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rtmateyko
07-24-2007, 11:58 PM
I am about to install a shower valve in a stand up shower that I am building. I am concerned about maintenace - like what do you do if the valve stops working for some reason after you have tiled.

Most of the installation techniques I have seen look permanent and nowhere have I seen anybody placing in line valves like you would for a kitchen sink. Is that the way things are done? - just assume that nothing goes wrong and if it does tear the shower apart to get at the valve.

I was thinking of installing the valve on the face of a 2x6 screwed into the studs with copper line long enough so that in the future i can come in from the back cut the lines and then unscrew the screws and remove the 2x6 and the faulty valve.

Does this make sense or am I over-engineering?

Cass
07-25-2007, 03:23 AM
Most but not all tubs / showers have access from behind so they can be serviced. If it is a quality valve and is installed right it should be a long long time B 4 you need to access behind the wall.
If you can do something now that will help make access to it in the future easier, do it.

jimbo
07-25-2007, 06:28 AM
All shower valves are repairable from in front of the tile. That is why they have trim flanges.....to allow you to leave a large enough opening in the tile to access the stems and cartridges. Common problem is when tile installers decide to be super meticulous and just leave the tiniest opening in the tile for the stem to poke through. Then you have to knock away some tile for access.

A good brand of shower valve should have A 20YR + life expectancy, so even if you don't have access behind the wall, this is not a worry issue for a long time. By then, the tile may need to be redone anyway.

jadnashua
07-25-2007, 06:34 AM
Some valves are optionally offered with in-line service valves. This allows you to turn off the water to the valve so you can do service without shutting off the whole house. Watts makes some designed for this that can be added to many valves. You need to be careful about placement so that you can reach them after the eschution is removed and still have it fully cover the required opening. If you go with a quality ball valve, it hopefully would still work many years down the road when you need it...no guarantees, though. An access panel from behind works.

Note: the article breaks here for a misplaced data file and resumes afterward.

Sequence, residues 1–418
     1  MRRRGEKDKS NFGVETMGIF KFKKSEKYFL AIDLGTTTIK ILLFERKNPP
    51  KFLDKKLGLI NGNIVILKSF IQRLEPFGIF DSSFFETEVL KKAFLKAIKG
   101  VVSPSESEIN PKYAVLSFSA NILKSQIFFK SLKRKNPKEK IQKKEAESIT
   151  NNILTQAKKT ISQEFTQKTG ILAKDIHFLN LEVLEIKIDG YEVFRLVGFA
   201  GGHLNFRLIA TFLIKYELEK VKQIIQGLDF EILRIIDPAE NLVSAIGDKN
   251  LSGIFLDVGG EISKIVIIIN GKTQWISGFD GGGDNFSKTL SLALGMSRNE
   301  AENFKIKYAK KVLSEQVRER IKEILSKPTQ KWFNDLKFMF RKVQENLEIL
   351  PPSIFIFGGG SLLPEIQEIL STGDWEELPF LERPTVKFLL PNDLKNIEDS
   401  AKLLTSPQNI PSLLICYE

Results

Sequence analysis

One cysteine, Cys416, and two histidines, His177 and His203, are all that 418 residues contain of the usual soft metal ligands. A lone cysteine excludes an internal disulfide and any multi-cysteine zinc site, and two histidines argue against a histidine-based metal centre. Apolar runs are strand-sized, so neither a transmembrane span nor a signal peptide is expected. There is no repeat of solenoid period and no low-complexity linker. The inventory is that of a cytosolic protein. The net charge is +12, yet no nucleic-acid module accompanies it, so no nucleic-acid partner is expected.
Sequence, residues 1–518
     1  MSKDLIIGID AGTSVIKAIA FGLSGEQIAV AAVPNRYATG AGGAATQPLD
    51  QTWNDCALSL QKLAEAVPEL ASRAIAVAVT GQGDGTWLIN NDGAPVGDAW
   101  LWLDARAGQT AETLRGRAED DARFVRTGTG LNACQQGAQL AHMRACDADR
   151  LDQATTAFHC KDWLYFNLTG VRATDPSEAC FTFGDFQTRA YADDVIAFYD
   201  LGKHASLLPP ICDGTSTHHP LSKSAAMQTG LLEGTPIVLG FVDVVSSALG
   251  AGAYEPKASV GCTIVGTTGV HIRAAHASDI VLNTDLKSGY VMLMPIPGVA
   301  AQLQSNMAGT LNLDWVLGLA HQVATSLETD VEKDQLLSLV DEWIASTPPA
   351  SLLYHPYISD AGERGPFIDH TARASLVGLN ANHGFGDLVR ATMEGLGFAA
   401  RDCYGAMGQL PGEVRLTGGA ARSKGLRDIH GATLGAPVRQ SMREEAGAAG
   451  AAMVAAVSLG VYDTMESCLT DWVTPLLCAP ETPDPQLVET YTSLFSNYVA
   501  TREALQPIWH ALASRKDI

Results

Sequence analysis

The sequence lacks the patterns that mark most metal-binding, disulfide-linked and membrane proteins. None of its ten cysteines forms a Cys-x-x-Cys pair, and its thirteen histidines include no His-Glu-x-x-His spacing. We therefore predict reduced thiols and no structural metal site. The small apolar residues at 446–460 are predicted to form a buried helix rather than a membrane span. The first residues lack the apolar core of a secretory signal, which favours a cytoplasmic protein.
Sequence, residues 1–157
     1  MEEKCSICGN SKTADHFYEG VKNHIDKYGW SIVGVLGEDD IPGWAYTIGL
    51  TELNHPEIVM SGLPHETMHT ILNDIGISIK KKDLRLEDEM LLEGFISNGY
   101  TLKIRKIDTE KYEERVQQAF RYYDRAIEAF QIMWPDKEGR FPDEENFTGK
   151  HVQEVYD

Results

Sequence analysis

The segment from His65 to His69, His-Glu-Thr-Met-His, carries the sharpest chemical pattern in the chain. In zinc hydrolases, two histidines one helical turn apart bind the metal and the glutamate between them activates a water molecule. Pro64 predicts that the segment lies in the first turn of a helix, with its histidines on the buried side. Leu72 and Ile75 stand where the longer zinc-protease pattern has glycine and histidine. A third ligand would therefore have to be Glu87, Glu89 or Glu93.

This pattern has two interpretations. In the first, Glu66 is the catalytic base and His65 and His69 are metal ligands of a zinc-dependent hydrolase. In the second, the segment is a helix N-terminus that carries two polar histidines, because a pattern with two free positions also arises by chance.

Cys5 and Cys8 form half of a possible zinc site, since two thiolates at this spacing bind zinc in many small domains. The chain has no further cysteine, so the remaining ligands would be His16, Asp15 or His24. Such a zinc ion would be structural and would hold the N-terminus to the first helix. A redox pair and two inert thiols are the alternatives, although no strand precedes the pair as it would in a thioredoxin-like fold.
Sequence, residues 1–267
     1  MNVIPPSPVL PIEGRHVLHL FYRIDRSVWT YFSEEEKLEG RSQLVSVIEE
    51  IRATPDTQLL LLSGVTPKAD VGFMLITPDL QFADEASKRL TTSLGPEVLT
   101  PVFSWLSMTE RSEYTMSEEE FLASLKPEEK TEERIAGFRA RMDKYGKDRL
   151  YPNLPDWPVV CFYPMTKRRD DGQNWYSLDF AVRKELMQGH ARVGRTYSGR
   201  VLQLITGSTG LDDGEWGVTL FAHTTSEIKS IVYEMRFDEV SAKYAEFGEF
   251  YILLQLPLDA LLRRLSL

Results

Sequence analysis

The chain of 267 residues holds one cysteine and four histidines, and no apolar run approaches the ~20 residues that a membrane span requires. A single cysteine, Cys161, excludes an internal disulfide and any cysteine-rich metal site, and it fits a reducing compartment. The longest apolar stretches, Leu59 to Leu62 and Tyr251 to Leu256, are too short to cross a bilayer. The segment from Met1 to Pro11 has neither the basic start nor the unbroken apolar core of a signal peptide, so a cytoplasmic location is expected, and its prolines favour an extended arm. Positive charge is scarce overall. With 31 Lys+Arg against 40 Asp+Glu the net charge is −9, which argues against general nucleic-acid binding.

In my last home remodel, I didn't have access after the wall was closed in (there's a main air duct immediately behind it). I chose an external mount valve from Grohe. All of the works except for the threaded connection to the water is external to the wall.

Pimbley
07-27-2007, 08:48 AM
I'm of the same mindset. Trying to think ahead for the bad sweat joints or other.

I can get to the back of my valve through the wall behind. I am going to install the valve, note the location and install a small access panel in that rear drywall. The panel won't show too much as the room is a utility. Plus I can paper and paint the panel to match the wall.

I've got the valve on a 4/2 screwed with frame brackets to the studs so I should be able to get things in and out. Prefer screws over nails for all the stuff for this reason.

hj
07-28-2007, 07:56 AM
bad joints should be apparent immediately. Few modern valves are installed with access, and it is sometimes impossible anyway when there is another shower or tub on the reverse side. Intergral stops are and option, but since many valves can be serviced without removing the trim plate, the plumber would probably not use them when repairing the valve anyway.